Having sampled Falmouth’s delights, it was time to head back to Truro, starting from the terminus of the Maritime Line – Falmouth Docks.
I headed into the eastern end of town, slavishly following the little blue dot on my iPhone Google Maps display. I was a bit concerned that all the road signs seemed to point to dead-end dock access roads, but a row of terraced houses labelled “Railway Cottages” showed that I was heading in the right direction, and a few minutes later I found Falmouth Docks station, tucked away down an unassuming side street.
A narrow footpath ran between the station and a prefabricated metal building (which turned out to be, somewhat incongruously, an amusement arcade). From this path, by leaning precariously over the railway fence, I was able to get a good shot of the station.
There is a definite sense of faded glory here. At one time, Falmouth Docks boasted three tracks and two platforms, with refreshment rooms and a hotel – not bad for a branch line terminus. Passengers would stream off the trains and onto the packet ships docked in the adjacent harbour. Now, there is just a single track with one platform. The only passenger facility is the canopy, which looks grand but is ridiculously out-of-scale with the two-coach Sprinters that use the station these days.
Just outside the station, some tracks branched off from the main line. Presumably at one time they carried freight traffic to the busy docks, but now they are just rusty rails leading to a weed-encrusted dead end. Any freight for the docks arrives by road these days.
For a short time in the ’70s there was no passenger service at all here. When the Town station opened in 1970, Falmouth Docks (then just called “Falmouth”) was deemed surplus to requirements and was closed, but a subsequent change of heart saw it reopen just five years later – quite right too, as there are more than enough people around the area for the station to earn its keep.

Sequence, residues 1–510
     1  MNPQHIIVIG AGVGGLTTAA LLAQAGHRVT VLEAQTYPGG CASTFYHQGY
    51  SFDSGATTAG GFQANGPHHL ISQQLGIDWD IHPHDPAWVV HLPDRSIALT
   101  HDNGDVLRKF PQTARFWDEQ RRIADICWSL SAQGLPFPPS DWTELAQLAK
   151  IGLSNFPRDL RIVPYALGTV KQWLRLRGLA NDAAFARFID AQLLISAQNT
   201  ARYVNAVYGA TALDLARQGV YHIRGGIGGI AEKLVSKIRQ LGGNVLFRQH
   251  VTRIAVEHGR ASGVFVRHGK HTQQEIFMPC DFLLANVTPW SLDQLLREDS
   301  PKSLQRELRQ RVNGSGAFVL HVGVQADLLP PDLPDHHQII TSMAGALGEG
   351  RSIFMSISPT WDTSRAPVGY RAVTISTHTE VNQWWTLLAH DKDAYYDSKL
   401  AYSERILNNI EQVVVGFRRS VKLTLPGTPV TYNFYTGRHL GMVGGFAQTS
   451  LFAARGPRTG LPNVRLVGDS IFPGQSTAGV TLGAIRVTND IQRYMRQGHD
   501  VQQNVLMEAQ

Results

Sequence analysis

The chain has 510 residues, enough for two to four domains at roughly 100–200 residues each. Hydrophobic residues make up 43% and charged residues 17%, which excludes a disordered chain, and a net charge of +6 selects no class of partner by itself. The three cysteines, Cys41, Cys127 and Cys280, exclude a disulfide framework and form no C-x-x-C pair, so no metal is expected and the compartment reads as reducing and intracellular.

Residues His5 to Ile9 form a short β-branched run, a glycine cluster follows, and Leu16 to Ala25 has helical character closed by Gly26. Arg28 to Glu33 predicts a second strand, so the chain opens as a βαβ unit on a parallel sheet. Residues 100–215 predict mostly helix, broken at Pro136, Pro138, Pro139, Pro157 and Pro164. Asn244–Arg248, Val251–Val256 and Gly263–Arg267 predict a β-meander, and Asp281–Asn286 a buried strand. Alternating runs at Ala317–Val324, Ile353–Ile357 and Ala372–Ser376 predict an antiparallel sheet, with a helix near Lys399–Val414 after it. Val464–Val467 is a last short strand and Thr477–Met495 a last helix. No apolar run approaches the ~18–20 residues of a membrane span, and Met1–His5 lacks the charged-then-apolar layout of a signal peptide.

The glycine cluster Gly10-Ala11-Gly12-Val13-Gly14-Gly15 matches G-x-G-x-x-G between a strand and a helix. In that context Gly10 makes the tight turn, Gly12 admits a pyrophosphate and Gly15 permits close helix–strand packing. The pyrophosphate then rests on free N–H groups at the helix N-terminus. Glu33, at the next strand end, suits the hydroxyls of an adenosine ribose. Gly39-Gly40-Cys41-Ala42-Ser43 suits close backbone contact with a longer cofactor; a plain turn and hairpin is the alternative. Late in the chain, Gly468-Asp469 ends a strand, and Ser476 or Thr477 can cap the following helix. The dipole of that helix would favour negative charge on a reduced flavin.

Outside one of the houses opposite the station, a man stopped tinkering with his car in the driveway to gawp at me as I got my portrait under the BR sign. Note the glistening forehead – it was really quite warm at this point.
Falmouth Docks may have declined in importance, but it’s not a bad station. Like all the stops on this line, it is reasonably clean and well-maintained. First Great Western have also installed this attractive mosaic supplied by local artists, which does a decent job of brightening the place up. It did feel a little lonely, though – for the first time on this trip, I’d found a place where I think I’d feel uncomfortable waiting after dark.
The train arrived and I climbed aboard. I had the carriage to myself until reaching Falmouth Town, which I suspect gets the lion’s share of the town’s traffic these days.
I slumped in my seat as we chugged back to Truro. I looked out the window as the places I’d visited passed by once more – Falmouth Town, Penmere, Penryn, Perranwell – but I was too tired to take it in. I arrived back at Truro in plenty of time for my onward connection to Penzance, which was to be the base of operations for my third and final day in Cornwall.